# Profit Potential Using Marginal Analysis Essay

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Economics for Decision-Making Task Name: Phase 2 Individual Project Deliverable Length: 2-3 page memorandum

Details:
The presentation to the Board went extremely well, and you made some clear points about the need to expand in the U.S. and abroad.
One question that arose during the meeting was about how the firm’s profitability in their toothpaste division would be impacted by the expansion. The Board asked you to assess the profit potential using marginal analysis.
It is assumed that the toothpaste market is perfectly competitive and the current price of a case of toothpaste is \$42.00. CPI has estimated its marginal cost function to bas follows: MC=.006Q.
1. The Board would like to know how many cases of toothpaste should be produced in order to maximize profits.
2. What would happen if CPI decided to raise prices unilaterally in this toothpaste market?
3. What would happen to the profit maximizing level of output if the market price suddenly rose to \$54 per case? Explain why the output level changes.
4. Could CPI benefit by advertising in this perfectly competitive market?
5. If CPI was somehow able to monopolize the market what would happen to the price of toothpaste, would it rise or fall? What would happen to the profits CPI makes via their toothpaste division?
Date Due: Jun 03, 2009
Objective:
• Apply various risk methodologies to economic situations using a variety of approaches ranging from basic statistics to certain equivalency.
• Measure and evaluate economic metrics such as valuation and economic profit. Submitted

The math problems are simple algebra equations. I have provided an example in my chat.

Keep in mind we are assuming the market is hypothetically perfectly competitive, although in reality, we know it’s not. What does that mean for pricing? Who sets the prices?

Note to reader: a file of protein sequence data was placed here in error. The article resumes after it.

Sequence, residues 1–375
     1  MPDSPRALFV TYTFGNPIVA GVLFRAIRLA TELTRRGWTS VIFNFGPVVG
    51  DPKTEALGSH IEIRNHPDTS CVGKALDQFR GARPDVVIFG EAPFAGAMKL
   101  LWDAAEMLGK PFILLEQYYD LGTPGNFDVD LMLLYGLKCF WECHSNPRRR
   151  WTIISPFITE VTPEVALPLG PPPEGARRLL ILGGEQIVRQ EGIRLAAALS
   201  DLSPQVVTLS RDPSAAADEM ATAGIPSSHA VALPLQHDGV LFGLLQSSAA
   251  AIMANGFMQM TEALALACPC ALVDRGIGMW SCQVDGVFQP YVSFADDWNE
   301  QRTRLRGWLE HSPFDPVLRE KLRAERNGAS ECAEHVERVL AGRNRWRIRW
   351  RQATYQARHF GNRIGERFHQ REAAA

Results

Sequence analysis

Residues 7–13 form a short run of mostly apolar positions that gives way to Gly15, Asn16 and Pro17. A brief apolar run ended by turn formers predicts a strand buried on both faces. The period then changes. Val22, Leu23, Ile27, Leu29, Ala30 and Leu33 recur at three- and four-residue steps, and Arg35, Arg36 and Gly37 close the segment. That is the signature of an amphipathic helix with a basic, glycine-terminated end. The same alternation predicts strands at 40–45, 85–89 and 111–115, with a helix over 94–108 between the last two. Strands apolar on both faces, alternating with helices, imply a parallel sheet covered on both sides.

Then assume CPI has a monopoly, again hypothetically, in reality we know it’s not.

Scenario:
Consumer Products Inc. (CPI) is a U.S. regional consumer products company located in Phoenix, Arizona. The company manufactures and distributes a small line of consumer products to retailers in major western cities including Los Angeles, San Francisco, Seattle, Portland, and Phoenix. The company has an excellent reputation as a good corporate citizen and producer of some of the highest quality products in the business.
CPI’s three major brands are Shades of Youth, a hair care line that recently has been doing extremely well as the aging baby boomers look for products to help retain some of their youth; Super Clean, a line of detergent and bleach products; and Super White, a line of tooth paste that quickly and safely whitens teeth. Super Clean is the anchor division, and it was the sole line of products the company had when Javier Lopez founded it in 1951. The company launched Shades of Youth in 1975 and Super White in 1980.
You have headed up the Super Clean division for the last 8 years and were recently promoted to Chairperson of the Board and Chief Executive Officer (CEO). The firm went public ten years ago under the leadership of your predecessor as CEO, Regina Baker. CPI is well established on Wall Street and has a reputation of being a good company that is conservative and a safe investment.
With only a U.S. regional presence and \$200 million in revenue, you are clearly aware that the company’s ability to compete with the industry giants (Procter & Gamble, Unilever, Colgate, and Gillette) is limited. You believe that the firm must expand to other regions in the U.S. and begin international expansion if it is going to grow and prosper over the next decade.
The Board has reservations about making such bold moves, arguing that the company has been a successful regional company for over 50 years and can remain a niche player in the consumer products business. You see things differently. You see that the market is changing and competitors are becoming more aggressive by making acquisitions or developing new products that are extremely competitive with CPI’s brands. More importantly, you believe that the company will either be crushed by competition or forced into a merger to survive.
You know the task ahead of you is daunting. As you approach the challenge of persuading the Board to expand, you believe it is critical that you outline the global macroeconomic issues that are driving the industry and articulate the microeconomic dynamics that are central to the firm’s success. Ultimately, you see this as a decision-making problem. The Board must make the right decision now because the survival of the firm is at stake.

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